Hopefully you will never be caught in a tight spot (read, dangerous situation) when overtaking. However, it is best to be well-prepared and know “what the ol’ girl will do” when you push the loud pedal to the floor. Here’s a safe way to find out:

Safety First

  • Ensure that both the tow vehicle and the caravan are in good mechanical condition.
  • Ensure that all tyres are correctly inflated to the prescribed pressures.
  • Ensure the caravan brakes are operating efficiently and evenly.
  • Load the tow vehicle as you normally would for a trip.
  • Just for this test, load the caravan to its legal limit – in a reasonable and typical manner.
  • Use a certified weighbridge to measure the:
    (a) all-up load; (b) axle(s) load and (c) ball-load.
  • Ensure that none of the vehicles’ ratings are exceeded.
  • With a passenger to record the readings, locate a suitable, safe flat road – ideally the middle of a level, deserted, three-lane (in each direction) freeway. Check the accuracy of the speedometer using a good GPS unit.
  • With the aid of a stopwatch, carefully and safely, conduct a series of wide-open-throttle acceleration runs, recording the times taken to go from 40-50km/h, 50-60km/h, 60-70km/h, 70-80km/h, 80-90km/h and 90-100km/h. Be alert if the caravan should start to sway at the higher speeds, and be prepared to take corrective action.
  • Record – or calculate – the distance travelled between each 10km/h segment.

This will enable you to appreciate how long – time and distance – it will take to overtake another vehicle, when you wish, or need, to.

The available acceleration rate is reduced as the:

  • Mass of the van increases
  • Mass of the tow vehicle increases
  • Effective frontal area – actual area and the aerodynamic co-efficient – of the combination increases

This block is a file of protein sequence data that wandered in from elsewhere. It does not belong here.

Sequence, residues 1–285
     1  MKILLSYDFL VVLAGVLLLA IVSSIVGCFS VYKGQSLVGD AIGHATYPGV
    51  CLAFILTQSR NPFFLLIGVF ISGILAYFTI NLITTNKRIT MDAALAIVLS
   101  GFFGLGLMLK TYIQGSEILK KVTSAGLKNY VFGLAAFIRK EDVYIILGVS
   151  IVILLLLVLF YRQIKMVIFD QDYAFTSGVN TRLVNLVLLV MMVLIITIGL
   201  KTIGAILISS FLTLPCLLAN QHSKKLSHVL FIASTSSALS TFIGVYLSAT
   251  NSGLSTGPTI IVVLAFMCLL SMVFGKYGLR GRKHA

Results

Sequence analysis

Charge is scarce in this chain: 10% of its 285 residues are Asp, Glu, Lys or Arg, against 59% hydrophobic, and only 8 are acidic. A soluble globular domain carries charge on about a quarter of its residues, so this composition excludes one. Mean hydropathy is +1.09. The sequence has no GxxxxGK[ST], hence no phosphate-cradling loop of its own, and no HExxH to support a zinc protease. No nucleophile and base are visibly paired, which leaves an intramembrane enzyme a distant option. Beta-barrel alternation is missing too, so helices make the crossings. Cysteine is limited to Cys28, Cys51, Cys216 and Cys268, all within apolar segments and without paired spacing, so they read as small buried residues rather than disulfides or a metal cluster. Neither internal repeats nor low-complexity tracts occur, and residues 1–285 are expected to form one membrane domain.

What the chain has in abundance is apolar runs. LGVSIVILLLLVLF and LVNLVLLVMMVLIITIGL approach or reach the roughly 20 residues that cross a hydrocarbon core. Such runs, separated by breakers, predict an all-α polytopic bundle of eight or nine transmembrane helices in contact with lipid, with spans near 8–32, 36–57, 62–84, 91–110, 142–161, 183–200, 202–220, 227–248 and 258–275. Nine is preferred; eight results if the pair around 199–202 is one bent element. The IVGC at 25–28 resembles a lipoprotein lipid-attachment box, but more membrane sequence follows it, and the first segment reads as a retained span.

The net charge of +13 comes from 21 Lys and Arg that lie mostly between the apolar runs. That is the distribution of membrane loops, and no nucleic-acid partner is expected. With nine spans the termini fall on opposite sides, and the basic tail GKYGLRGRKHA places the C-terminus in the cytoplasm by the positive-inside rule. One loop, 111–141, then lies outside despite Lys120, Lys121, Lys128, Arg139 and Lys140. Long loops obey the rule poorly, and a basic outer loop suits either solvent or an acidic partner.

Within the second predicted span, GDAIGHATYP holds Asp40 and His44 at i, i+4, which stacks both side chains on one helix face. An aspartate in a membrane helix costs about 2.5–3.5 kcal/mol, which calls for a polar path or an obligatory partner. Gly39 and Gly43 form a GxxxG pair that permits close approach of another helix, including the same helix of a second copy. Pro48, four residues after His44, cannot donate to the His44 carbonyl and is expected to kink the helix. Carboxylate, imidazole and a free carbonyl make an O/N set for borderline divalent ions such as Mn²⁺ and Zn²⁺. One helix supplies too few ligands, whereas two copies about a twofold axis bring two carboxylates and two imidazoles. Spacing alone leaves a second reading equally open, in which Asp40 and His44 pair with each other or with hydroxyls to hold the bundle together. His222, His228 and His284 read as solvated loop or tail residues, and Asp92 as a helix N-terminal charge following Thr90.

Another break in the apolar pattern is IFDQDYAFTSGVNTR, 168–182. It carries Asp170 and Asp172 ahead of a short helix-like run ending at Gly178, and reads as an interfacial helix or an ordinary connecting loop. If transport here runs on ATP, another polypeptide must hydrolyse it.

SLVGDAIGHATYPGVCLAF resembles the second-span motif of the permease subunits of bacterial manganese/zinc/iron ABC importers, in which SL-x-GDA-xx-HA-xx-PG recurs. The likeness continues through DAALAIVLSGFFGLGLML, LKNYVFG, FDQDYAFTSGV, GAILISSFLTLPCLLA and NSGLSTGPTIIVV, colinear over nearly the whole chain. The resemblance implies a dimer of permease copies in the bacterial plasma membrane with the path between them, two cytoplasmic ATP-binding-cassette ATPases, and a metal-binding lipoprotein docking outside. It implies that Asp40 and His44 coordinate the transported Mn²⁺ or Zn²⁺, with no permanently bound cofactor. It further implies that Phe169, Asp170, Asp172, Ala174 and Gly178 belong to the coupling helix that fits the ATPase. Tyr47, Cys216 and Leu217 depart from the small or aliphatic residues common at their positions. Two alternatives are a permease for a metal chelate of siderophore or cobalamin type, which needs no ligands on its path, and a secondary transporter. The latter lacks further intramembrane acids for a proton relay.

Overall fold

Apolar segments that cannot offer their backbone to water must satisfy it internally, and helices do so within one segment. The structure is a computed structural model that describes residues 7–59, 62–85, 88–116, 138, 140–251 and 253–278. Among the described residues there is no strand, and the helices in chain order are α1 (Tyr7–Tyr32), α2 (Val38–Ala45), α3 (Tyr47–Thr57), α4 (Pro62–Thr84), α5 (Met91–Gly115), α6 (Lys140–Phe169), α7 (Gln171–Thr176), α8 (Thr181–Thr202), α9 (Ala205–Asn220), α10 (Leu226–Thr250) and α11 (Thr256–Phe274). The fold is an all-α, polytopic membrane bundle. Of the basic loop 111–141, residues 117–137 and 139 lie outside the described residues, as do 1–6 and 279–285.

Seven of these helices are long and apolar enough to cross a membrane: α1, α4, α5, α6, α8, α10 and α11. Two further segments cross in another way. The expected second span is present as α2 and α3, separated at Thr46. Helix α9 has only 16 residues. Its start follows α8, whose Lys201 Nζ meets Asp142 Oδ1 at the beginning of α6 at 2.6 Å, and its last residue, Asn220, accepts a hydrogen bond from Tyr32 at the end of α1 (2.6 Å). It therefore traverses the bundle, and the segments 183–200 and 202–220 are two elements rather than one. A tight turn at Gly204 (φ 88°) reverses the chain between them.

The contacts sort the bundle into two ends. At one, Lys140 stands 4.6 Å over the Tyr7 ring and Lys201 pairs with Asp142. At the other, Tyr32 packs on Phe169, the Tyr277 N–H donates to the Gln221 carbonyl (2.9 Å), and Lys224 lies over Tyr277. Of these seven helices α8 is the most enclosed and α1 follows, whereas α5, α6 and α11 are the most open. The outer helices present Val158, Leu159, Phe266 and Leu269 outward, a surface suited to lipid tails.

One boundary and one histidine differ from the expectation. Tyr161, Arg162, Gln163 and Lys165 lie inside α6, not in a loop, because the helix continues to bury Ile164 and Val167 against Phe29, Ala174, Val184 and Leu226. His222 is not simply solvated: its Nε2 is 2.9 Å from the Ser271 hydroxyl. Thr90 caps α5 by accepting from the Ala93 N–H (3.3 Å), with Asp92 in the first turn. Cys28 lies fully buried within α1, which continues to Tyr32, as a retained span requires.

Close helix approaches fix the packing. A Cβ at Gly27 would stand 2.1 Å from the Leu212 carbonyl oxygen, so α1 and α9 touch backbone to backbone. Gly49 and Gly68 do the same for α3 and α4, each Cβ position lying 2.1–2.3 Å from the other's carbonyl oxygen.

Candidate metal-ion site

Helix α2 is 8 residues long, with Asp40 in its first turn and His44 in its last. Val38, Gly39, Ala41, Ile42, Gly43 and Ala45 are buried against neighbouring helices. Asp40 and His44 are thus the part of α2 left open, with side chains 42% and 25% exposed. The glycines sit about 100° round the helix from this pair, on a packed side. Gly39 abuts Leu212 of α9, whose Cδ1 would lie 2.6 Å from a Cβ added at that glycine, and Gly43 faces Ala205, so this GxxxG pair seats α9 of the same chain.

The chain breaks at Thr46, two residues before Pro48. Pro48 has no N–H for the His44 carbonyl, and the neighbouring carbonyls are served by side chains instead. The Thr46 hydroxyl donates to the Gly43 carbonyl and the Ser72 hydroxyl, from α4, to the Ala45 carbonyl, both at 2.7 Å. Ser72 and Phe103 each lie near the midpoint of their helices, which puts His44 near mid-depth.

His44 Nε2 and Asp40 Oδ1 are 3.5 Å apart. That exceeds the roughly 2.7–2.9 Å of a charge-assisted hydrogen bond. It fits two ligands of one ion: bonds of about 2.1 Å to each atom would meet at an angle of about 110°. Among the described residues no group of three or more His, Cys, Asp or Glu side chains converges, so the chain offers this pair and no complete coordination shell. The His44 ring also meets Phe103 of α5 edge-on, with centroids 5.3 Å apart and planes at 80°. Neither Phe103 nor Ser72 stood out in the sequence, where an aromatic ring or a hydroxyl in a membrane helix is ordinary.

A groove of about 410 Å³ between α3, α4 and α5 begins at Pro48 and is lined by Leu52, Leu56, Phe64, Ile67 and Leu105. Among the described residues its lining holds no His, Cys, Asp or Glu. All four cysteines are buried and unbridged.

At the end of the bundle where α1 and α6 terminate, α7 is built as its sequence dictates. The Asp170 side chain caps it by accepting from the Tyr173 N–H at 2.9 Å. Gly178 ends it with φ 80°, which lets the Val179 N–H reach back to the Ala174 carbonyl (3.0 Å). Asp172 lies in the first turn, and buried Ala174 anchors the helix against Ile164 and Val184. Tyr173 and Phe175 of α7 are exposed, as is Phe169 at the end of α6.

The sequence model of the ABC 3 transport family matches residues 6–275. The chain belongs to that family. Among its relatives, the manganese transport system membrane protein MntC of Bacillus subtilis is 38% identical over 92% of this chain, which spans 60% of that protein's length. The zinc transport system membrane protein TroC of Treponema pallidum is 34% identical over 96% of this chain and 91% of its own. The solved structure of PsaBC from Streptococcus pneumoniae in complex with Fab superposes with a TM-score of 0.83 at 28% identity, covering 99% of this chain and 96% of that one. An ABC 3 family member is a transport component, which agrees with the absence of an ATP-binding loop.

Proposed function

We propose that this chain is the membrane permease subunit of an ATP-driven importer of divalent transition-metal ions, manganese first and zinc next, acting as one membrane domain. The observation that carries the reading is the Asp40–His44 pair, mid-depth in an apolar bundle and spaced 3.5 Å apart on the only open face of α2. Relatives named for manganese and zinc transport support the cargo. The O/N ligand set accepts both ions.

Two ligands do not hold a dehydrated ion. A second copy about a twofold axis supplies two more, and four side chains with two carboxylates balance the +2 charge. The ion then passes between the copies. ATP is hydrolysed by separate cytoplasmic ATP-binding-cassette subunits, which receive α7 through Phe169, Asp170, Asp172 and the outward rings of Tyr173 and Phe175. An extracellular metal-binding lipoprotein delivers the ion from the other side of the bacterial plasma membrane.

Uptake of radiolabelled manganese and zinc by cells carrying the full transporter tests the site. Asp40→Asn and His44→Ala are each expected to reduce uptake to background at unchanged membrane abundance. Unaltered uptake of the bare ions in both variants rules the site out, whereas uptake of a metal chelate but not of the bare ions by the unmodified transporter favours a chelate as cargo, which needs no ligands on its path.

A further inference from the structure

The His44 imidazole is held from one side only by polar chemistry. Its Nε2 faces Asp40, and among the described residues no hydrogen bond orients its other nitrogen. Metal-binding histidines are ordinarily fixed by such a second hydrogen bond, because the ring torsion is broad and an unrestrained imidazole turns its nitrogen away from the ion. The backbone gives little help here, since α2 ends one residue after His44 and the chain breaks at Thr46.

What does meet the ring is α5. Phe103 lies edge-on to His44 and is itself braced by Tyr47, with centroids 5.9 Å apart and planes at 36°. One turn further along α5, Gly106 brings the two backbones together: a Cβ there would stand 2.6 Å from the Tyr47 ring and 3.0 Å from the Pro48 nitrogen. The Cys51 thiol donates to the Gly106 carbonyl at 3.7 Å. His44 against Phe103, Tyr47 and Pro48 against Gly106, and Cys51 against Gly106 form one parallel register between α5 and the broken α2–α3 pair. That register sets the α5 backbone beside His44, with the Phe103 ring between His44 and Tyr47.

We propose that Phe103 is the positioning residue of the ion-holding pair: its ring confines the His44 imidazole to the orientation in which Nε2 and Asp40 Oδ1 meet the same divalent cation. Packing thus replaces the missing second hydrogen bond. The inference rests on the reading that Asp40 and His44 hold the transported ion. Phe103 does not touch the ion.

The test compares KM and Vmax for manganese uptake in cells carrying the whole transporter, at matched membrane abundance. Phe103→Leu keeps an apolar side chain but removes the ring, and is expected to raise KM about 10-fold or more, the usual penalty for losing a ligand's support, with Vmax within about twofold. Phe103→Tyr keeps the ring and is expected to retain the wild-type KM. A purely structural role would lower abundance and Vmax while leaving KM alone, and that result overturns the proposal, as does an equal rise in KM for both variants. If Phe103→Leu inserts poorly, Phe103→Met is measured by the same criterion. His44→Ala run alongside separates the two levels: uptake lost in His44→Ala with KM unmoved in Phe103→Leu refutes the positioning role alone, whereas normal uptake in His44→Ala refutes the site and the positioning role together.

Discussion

• Headwind (if present) increases. i.e. as the relative speed increases
  • Tyre (especially under-inflated), brake and wheel bearing (not adjusted) drag increases
  • Available engine power decreases (with wear, and poor tuning)

While a heavier tow vehicle will have a lower acceleration ability, compared to a lighter tow vehicle with the same engine power, it is essential to have a tow vehicle with sufficient mass – compared to the caravan that it is towing – in order to prevent the dangerous situation of the tail wagging the dog; should the caravan start to sway or snake.


If you really must overtake another vehicle, ensure that you do it safely, and without having to exceed the speed limit, or such a high speed that the van becomes unstable. It is highly preferable that the driver of the vehicle being overtaken realises that you wish to pass them, and hopefully reduces their speed to assist you. If their vehicle – a truck or caravan – has a UHF radio call sign on its rear, and you also have a UHF radio, it is advisable to alert them of your intention.

Be extremely careful, and double check the road ahead to ensure you have sufficient distance of clear road to safely overtake another vehicle. Check that there are no dips in the road ahead, and that there are no intersecting roads from where a vehicle could suddenly emerge. Check that the road is wide enough and does not have very rough edges. Check that the vehicle that you are about to overtake, is not preparing to attempt the same manoeuvre on another vehicle, or make a right turn. If that driver is not aware of your overtaking them, be cautious of their possible increase in speed. Check your mirror carefully to ensure that you are not about to be overtaken.

Use your turn signals appropriately, in plenty of time, to indicate your intention. However, do not rely on the turn signals of the vehicle being overtaken, as a safe to overtake signal. Do not swerve sharply into the right lane, or sharply back into the left lane, as this may well induce a hazardous sway, possibly ending in a dangerous jack-knife.

On the other side of overtaking

When being overtaken, you must consider the other party, and realise that speeding up in such a situation will not only risk lives, but may very well lead the other party to extreme frustration and an even more dangerous effort to pass you.

As a courtesy, you should gently slow down, to make the overtaking safer. Of course, if the overtaking driver has made a serious error of judgment, and is in a hazardous situation, it is imperative to brake heavily, to better allow the driver to quickly cut back in front of you, so as to avoid a lethal head-on collision.

It is important – before you set off on a trip – to ensure that the van brakes are operating efficiently and evenly.

This information is provided in good faith, in an effort to improve road safety. It is believed to be correct, but no liability whatsoever is accepted for any issues arising from using this information.